Nottingham, 11/10/10– GameCity, the world’s best-loved videogames festival, today announced the details of its latest panel discussion, What’s the Point? The event will take place on Wednesday 27 th, from 12:00pm till 1:30pm in Tonic and is part of GameCity5, running form October 26– 30 th throughout Nottingham.
Always eager to experience the new, reinvigorate the old and generally tackle things in exciting ways, GameCity has this year decided to stir things up by challenging several videogame pioneers to answer a simple question;“what’s the point in making games?”
Featuring the largest panel debate during GameCity5, What’s the Point? will be hosted by IGF Chairman and indie game advocate Brandon Boyer, as the group battle to answer a question older than Pac-Man himself.
The panel will include Adam Saltsman, (Developer, Flixel), Jonathan Blow, (Developer, Independent), Chris Hecker, (Developer, Independent), Paul Taylor, (Managing Director, Mode 7) and Keita Takahashi, (Designer, Uvula).
GameCity Director Iain Simons said,“Developers find their dinner parties plagued by the same question from those outside the industry;‘Why do you make games for a living?’ It just feels right that we tackle the issue.”
With a diverse line-up of famously strong opinions and outspoken minds, this panel promises to be the most frank and engaging discussions to ever take place.
What’s the Point? is one part of GameCity5, the yearly festival that explores and celebrates videogames culture. For the full details on the festival line-up, go to www.gamecity.org. To book your attendance at this event, go to my.gamecity.org
NOTES TO EDITOR
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*GameCityNights is a series of after-dark monthly events that brings together developers, students and players in a celebration and exploration of videogame culture - with prizes. Every month a brilliant headline speaker will be making their way to Nottingham to share their thoughts, passions and give a unique insight into their work.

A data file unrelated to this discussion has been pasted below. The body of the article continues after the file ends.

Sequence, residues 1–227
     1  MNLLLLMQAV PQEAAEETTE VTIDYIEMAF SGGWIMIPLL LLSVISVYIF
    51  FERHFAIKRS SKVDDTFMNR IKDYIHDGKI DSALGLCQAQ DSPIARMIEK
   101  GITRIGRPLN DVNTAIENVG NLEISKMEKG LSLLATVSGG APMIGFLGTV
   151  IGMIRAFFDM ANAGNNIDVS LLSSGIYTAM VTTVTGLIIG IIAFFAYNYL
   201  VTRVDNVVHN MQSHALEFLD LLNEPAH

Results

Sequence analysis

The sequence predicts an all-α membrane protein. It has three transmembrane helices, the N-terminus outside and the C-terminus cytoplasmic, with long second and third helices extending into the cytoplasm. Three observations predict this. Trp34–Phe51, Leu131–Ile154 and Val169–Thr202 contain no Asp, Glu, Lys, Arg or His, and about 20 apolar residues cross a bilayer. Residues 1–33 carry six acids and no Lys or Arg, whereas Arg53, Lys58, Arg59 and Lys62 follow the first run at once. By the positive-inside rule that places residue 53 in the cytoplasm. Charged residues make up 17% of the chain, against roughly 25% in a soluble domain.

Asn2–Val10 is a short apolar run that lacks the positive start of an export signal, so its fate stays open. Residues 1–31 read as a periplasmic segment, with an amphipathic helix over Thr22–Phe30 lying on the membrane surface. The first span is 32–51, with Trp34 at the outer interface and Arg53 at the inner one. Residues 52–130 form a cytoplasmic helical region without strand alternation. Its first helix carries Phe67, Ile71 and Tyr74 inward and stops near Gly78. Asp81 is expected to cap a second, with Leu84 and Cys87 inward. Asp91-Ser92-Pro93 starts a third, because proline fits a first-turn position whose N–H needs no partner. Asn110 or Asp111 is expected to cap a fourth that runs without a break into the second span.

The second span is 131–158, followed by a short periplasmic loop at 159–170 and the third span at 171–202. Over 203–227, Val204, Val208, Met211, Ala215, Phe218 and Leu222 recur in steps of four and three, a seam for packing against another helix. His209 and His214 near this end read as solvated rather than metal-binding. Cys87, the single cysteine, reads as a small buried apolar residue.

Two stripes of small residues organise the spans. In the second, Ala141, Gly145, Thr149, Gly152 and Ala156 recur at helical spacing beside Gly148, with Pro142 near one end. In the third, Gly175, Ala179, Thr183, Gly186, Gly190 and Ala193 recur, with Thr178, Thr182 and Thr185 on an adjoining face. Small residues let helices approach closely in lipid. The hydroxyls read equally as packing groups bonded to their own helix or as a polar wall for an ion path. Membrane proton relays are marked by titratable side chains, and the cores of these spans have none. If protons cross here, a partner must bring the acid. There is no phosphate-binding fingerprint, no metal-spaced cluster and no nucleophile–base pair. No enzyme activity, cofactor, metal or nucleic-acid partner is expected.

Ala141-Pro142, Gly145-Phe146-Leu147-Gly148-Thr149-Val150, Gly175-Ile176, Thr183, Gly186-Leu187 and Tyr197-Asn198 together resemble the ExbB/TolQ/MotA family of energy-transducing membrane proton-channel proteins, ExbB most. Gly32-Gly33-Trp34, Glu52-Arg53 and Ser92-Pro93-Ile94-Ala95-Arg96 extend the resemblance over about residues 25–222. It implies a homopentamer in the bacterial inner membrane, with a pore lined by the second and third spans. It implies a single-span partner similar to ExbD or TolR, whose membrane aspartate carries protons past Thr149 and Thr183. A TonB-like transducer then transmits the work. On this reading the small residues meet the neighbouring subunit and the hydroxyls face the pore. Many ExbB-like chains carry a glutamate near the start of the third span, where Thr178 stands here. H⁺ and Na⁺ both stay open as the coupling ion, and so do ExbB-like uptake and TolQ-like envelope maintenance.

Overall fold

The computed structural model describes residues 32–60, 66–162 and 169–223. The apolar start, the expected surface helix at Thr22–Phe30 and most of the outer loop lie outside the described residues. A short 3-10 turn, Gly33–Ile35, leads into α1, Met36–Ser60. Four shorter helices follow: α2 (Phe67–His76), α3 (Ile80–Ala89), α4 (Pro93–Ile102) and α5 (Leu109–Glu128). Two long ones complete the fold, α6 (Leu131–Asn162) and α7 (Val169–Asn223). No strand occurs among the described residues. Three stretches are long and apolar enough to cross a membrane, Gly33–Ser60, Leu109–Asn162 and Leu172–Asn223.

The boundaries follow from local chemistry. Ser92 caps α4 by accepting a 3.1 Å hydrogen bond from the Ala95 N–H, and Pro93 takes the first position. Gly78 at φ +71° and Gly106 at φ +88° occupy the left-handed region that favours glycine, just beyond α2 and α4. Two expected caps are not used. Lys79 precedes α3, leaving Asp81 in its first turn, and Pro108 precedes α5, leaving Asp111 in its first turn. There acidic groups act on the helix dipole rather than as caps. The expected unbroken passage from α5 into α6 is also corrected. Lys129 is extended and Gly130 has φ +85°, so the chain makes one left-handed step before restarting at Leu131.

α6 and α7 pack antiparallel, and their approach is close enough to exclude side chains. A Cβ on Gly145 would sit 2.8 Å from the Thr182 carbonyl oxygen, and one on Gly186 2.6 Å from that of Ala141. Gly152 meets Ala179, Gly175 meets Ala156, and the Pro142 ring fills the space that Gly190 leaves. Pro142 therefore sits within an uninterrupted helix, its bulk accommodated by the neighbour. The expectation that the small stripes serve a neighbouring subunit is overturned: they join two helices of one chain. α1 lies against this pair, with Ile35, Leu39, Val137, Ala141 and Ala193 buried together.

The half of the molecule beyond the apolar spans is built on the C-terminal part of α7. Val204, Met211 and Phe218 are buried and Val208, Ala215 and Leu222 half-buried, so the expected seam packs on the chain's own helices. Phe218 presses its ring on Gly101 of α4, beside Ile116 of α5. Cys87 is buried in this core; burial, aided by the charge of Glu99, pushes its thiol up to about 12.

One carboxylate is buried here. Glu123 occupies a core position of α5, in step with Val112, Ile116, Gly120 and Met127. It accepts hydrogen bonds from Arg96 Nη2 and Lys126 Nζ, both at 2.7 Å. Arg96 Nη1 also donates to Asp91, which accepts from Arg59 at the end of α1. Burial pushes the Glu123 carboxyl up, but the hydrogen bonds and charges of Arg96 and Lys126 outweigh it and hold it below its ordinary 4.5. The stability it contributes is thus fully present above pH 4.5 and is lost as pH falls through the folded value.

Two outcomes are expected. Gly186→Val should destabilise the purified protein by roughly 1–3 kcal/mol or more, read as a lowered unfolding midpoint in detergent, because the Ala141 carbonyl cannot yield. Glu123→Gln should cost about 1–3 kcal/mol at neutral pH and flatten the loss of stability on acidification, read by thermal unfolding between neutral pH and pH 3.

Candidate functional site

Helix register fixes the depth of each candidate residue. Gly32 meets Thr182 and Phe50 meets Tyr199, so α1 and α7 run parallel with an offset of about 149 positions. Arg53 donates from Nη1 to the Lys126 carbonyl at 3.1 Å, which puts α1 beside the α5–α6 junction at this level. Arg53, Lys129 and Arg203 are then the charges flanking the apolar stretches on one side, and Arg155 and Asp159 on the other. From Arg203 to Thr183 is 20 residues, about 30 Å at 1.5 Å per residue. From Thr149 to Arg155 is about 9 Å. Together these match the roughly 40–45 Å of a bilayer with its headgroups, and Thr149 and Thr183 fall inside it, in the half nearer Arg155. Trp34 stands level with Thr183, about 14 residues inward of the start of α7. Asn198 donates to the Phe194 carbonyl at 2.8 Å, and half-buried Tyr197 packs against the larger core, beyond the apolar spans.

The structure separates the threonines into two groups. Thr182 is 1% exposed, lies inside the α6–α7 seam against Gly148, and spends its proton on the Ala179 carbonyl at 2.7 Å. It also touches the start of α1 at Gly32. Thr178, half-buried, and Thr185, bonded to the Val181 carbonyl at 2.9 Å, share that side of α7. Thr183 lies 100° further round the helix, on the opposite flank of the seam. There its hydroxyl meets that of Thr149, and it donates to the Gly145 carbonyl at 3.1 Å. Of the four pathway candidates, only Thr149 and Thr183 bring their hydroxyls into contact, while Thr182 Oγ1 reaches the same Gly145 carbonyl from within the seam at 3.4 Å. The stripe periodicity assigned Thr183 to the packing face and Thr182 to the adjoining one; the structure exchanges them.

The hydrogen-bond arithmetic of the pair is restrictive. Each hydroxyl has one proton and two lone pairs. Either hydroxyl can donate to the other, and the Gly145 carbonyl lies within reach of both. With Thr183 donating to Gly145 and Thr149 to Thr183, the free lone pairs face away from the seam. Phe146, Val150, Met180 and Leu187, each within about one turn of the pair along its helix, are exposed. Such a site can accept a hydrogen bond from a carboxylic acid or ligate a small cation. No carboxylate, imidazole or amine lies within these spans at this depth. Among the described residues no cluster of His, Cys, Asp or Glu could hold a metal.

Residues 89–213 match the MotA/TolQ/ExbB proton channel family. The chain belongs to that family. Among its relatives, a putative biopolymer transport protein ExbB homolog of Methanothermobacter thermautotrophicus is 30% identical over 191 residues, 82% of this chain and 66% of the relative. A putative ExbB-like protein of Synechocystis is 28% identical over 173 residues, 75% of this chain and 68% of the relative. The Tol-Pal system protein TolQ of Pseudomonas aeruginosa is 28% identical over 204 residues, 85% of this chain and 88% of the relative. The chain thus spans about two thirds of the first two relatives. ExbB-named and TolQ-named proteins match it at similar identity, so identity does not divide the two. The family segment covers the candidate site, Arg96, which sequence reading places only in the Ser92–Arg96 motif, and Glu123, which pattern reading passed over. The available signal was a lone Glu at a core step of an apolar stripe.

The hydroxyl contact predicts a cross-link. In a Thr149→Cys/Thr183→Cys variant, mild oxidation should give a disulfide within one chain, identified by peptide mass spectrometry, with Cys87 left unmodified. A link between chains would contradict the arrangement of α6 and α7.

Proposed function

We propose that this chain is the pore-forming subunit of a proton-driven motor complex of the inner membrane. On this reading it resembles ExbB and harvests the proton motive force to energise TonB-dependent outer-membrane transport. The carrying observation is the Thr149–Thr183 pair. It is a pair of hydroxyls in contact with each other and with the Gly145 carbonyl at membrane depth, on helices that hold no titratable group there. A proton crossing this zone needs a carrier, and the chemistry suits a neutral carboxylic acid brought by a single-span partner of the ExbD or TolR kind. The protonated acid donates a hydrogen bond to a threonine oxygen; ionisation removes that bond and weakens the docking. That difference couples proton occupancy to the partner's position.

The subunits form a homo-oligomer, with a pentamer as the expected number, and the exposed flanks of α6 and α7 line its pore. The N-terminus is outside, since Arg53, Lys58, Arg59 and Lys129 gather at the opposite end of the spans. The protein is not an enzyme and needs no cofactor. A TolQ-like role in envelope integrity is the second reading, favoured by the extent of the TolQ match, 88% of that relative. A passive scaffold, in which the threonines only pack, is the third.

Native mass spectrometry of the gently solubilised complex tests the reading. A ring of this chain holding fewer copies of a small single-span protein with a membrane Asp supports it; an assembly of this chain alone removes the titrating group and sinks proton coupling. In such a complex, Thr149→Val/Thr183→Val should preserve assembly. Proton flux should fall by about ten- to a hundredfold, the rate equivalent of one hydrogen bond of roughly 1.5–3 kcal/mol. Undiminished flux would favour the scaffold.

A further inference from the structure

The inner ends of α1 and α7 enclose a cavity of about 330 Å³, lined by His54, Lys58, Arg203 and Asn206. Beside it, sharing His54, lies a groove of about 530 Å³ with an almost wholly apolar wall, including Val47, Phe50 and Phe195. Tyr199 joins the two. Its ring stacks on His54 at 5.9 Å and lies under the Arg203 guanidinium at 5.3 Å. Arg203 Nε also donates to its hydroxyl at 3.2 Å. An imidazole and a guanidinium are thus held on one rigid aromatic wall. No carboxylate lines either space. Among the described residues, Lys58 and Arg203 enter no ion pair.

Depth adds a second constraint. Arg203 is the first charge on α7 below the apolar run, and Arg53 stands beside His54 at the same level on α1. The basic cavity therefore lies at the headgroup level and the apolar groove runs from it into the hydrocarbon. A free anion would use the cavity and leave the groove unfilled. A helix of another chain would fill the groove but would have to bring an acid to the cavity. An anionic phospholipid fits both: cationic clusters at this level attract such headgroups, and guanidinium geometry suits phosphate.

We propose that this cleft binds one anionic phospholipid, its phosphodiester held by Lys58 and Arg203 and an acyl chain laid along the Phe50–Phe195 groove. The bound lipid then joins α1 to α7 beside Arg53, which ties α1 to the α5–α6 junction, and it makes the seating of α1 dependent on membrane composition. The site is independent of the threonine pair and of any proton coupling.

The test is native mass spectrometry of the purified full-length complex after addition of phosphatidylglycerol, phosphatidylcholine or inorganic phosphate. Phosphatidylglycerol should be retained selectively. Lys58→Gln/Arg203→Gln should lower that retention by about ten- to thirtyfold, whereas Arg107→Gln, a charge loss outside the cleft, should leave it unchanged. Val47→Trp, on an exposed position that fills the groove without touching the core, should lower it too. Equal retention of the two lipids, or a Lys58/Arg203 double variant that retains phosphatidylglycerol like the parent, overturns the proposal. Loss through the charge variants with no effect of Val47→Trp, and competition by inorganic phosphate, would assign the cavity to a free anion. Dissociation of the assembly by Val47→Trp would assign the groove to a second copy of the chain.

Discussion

GameCity is what a videogame festival should be.
The Centre for Contemporary Play is a research centre based at Nottingham Trent University which pioneers innovative thinking through new partnerships. Since 2008 it has worked with a variety of leading organisations from the commercial and public sector to deliver major research and inclusion projects. These include the ITAG conference, the GameCity videogame festival and the National Videogame Archive - a unique collaboration with the National Media Museum.
Driven by leading thinking at NTU, the Centre for Contemporary Play continues to create radical and innovative projects in the academic and public engagement space.
Gamecity’s aim is to bring together developers and the public to explore and celebrate videogames and videogames culture, with a particular focus on students. We attract the best speakers in the world, offer up-and-coming artists and developers a platform for their games and create totally unique events.
Some of GameCity’s greatest hits include a world-record breaking zombie gathering, Keita Takahashi designing a children’s playground and Masaya Matsuura, Lorne Lanning, Alexey Pajitnov and Media Molecule having headlined.
We’ve worked alongside some of the most prominent names in gaming, including; Warner Bros, TTGames, Crytek, Activision, Namco Bandai, SCEE, Xbox, Ubisoft, Electronic Arts, Nintendo, Freestyle Games, David Braben, Media Molecule, Splash Damage, Harmonix, Rare, Denki, Monumental Games, Midway, Zoe Mode, ThatGameCompany, Nana-on-Sha and lots more.
Going way beyond just playing games, GameCity offers other new ways for people to interact with videogame culture. Art exhibitions, director commentaries, playground building, live recreations of videogames, gigs, gong-shows, three World Records, arcade trails, club nights– nothing is off limits for this most radical of videogame festivals.
Don’t just take our word for it, see what others have said after working with us,
GameCity looks poised to become our industry’s ?rst Sundance. A truly unique approach for hosting a game festival that seems long overdue.
Lorne Lanning, Oddworld Inhabitants
GameCity is unique. Any games festival that can reunite industry legends, lead to a Japanese game developer designing a playground, and evoke religious sentiments in a shopping centre is doing something very right for sure.
The year’s most inventively programmed new arts festival